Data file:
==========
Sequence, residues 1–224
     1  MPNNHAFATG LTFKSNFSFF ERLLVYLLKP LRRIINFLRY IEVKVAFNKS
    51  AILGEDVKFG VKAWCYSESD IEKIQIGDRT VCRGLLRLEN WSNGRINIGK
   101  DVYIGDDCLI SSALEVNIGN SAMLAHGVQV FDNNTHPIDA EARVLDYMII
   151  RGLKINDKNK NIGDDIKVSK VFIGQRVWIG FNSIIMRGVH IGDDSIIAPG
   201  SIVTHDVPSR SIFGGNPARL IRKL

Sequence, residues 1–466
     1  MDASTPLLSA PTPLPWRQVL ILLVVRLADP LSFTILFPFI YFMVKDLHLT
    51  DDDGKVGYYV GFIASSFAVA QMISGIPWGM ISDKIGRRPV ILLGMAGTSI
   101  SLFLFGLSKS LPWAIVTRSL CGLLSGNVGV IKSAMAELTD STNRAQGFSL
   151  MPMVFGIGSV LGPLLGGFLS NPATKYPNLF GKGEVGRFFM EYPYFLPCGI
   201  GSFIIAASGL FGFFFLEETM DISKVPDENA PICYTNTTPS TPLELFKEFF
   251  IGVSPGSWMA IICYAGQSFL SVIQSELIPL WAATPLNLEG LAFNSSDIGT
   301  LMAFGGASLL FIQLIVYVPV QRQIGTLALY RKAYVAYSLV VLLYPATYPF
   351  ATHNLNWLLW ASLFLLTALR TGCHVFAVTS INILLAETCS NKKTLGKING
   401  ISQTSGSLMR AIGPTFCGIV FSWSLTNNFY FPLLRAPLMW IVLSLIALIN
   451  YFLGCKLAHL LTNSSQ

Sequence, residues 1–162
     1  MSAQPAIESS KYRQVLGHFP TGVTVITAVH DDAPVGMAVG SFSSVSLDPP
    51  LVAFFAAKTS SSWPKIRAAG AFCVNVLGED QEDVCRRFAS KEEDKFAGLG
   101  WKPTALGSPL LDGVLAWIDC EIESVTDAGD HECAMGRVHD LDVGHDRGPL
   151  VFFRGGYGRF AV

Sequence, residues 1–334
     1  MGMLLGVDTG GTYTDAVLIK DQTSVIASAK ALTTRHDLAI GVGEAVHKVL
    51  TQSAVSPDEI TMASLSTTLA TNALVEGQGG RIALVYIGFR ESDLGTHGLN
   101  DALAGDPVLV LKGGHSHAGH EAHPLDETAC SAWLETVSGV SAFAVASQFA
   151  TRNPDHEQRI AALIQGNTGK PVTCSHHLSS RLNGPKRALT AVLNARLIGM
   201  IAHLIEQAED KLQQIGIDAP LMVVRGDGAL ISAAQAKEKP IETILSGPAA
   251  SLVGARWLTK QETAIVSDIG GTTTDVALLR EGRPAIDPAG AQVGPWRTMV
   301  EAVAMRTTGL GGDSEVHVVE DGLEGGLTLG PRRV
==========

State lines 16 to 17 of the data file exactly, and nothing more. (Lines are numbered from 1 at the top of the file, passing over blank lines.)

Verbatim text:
   401  ISQTSGSLMR AIGPTFCGIV FSWSLTNNFY FPLLRAPLMW IVLSLIALIN
   451  YFLGCKLAHL LTNSSQ